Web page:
For some reason, I didn’t feel I engaged with this unlecture as I had the previous 2 or 3. This may have been the comedown from my caffeine high due to an 8am start, or the fact that I’d just had my brain turned to scrambled eggs after a stressful Broadcast Media class.  I felt like the lecture was slightly a bit too “conceptual”; the top three questions to be answered were all very broad and conceptual, unlike the one from last week that was essentially “why are we doing this?” which could get answered in a very conceptual yet specific way.

I do, however, like the idea of each class posing a few questions to the panel to be answered.


Unlecture #3

This week’s unlecture was quite interesting. Following a similar pattern, it was unlike the last two in that it was not as interactive and open as last week but not as ranty as first week. However it still inspired some great thinking in me.

The reptilian brain concept was sort of funky à we all have a fight or flight instinct that is entirely instinctual and prehistoric in a way; deeply embedded into our human nature. It can be applied to almost anything; for example my anxieties about my workload this semester (uni work, internships, jobs etc) is something I can either tackle head-on or completely run away and hide from. The more I use my flight instinct against it the more it will overwhelm me, so my lizard brain is telling me that fight is the right option. Thanks, lizard brain!

I enjoyed Adrian’s rant about how modern education is too similar to a ‘shop assistant’ style of learning; we go into a store (or uni) and try pick what we like (e.g. decide on a course/what we want to learn/our goals) and if it doesn’t work for us (if we feel our teachers, lectures, classes aren’t working), it’s so easy to blame the shop assistant (uni) and demand another size or style. That was a bit confusing to type but I completely understand it in my head; that university is too similar to a retail environment; we shop and choose what we want then complain if it isn’t right for us.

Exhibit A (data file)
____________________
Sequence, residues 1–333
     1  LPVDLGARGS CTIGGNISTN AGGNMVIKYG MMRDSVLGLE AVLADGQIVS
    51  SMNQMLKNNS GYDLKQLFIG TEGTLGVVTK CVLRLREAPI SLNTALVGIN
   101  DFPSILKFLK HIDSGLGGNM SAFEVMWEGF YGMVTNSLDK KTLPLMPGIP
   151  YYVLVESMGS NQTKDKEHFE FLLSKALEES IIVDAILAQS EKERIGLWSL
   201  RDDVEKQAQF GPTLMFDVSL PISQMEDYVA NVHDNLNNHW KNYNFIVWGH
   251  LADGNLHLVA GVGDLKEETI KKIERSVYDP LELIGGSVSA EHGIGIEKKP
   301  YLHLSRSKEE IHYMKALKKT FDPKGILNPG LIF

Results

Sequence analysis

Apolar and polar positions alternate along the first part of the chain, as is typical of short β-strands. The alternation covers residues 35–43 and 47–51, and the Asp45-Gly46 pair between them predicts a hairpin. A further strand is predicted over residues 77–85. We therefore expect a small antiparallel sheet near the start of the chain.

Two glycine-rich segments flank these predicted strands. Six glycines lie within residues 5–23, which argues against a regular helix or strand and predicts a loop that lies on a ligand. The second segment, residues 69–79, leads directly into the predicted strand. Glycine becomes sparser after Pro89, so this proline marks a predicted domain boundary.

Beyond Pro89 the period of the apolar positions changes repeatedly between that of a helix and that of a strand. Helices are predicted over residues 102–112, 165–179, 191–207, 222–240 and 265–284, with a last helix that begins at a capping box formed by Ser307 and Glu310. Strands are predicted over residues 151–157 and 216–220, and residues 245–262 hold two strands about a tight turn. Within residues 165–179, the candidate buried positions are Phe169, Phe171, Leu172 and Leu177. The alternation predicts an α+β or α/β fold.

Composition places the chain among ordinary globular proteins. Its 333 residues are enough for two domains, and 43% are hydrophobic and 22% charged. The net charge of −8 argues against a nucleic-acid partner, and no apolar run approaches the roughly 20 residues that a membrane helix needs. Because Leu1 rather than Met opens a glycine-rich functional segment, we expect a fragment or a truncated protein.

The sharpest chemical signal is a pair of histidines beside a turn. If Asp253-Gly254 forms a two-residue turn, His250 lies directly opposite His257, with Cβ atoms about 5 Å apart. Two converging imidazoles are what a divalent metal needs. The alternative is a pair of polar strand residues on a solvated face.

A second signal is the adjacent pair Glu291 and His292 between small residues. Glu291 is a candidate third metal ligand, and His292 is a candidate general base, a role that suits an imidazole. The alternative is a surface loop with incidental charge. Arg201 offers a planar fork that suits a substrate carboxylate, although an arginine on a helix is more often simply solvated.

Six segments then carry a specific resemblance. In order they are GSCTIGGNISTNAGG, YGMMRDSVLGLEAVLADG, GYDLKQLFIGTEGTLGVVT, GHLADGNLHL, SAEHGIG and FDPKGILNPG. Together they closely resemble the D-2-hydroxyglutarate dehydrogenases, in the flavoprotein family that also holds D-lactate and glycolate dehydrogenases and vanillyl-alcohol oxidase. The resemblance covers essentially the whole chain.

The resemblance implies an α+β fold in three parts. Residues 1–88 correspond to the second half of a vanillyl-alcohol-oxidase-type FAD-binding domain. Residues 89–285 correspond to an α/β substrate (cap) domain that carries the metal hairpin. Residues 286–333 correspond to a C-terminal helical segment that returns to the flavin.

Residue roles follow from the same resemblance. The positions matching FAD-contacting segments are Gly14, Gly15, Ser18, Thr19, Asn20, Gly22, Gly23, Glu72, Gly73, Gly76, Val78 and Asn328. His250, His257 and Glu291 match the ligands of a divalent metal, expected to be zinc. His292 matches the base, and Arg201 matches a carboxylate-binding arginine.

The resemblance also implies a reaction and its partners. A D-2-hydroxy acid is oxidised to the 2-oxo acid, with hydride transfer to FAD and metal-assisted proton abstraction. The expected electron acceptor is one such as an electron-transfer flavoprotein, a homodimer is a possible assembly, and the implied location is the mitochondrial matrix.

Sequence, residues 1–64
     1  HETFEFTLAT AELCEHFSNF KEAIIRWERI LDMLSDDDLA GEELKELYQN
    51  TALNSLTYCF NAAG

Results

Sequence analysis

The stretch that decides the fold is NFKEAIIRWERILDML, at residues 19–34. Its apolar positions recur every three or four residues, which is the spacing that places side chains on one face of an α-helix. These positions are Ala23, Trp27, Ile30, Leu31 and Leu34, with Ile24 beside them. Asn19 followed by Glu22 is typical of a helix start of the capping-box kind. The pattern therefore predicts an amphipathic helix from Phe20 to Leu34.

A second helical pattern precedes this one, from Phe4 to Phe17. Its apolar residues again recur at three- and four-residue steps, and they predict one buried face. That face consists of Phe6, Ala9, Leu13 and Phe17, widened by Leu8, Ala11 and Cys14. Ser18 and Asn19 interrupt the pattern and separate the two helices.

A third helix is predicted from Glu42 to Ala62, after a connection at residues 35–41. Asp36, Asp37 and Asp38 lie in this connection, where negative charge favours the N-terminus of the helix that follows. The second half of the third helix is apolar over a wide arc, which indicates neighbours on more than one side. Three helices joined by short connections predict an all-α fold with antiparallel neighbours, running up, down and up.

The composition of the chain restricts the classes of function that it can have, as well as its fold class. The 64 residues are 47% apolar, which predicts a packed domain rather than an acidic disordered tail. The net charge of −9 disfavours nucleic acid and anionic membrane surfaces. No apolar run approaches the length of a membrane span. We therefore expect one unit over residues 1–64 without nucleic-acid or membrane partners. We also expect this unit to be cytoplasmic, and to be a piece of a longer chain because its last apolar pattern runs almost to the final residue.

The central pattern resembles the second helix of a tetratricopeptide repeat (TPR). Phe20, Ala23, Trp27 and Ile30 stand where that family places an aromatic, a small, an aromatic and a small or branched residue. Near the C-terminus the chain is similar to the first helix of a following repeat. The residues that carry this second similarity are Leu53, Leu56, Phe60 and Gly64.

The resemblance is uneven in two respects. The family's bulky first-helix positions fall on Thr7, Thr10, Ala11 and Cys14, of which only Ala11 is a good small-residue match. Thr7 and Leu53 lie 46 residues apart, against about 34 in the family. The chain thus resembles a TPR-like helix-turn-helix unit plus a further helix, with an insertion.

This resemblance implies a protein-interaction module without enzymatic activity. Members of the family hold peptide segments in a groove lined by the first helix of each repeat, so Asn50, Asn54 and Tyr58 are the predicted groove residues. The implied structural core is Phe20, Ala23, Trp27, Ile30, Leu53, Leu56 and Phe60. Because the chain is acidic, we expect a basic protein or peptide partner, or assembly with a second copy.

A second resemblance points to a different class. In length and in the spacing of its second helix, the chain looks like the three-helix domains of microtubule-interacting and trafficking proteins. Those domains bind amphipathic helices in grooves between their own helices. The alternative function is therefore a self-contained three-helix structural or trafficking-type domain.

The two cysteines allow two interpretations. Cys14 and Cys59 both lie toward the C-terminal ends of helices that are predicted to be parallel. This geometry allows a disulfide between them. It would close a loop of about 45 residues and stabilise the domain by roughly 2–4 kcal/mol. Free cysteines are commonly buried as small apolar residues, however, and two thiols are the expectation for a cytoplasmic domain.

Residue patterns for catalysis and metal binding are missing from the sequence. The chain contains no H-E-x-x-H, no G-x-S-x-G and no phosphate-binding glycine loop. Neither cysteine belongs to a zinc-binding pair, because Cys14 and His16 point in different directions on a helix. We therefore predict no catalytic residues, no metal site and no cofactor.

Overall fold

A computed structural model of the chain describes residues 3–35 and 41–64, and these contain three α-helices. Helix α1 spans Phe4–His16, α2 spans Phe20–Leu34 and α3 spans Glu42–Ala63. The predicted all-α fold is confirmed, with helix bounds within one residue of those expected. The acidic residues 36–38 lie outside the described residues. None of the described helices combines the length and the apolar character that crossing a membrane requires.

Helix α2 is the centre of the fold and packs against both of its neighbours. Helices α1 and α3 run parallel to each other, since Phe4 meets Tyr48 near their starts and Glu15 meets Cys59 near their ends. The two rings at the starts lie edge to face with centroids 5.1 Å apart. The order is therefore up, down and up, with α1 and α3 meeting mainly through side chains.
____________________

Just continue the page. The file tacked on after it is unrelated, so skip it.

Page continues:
However, what we should be concertrating on is that if we feel that something in our courses isn’t working for us, like our teachers, classes, lectures, assignments, it is our responsibility to make it work, not to complain about it. We should see what we can get out of it, not complain about what we don’t.

Education is an experience, not a commodity or a right.

I thought that was pretty insightful seeing as I see so many people complaining about uni but clearly RMIT has some sort of successful system in place if thousands of kids are graduating and getting prestigious jobs every year…

Like a romantic waltz (I’m loving Adrian’s metaphors), we shouldn’t give up and stop dancing just because we’re finding the steps difficult or foreign to us.

This lecture was different and I’m still deciding whether or not it worked for me, but nonetheless I’m excited for next week’s.

Class 2

The fact that this class involved a lot of discussion was quite alright with me seeing as this class is one that definitely relies on open communication about ideas, theories, thoughts and opinions.

The entire media industry is one based on making and keeping connections with people, therefore this class encouraged us to branch out and discuss our progress so far.

I learned a lot by sharing ideas with my classmates, such as Miguel’s interesting experiences on public transport which prompted me to start blogging about random thoughts and experiences I have throughout the day, and Anna’s very interesting and thought-provoking opinions on blogging which I definitely could relate to.

Eliot ran us through what we want our blogs to be; entertaining, appealing outside of the course, topical, evidentially backed up with depth of thought and quality of writing.

This class was great in my progress on the Networking Media path as I was part of open discussions about ideas that have helped me in my blogging and considering of this course!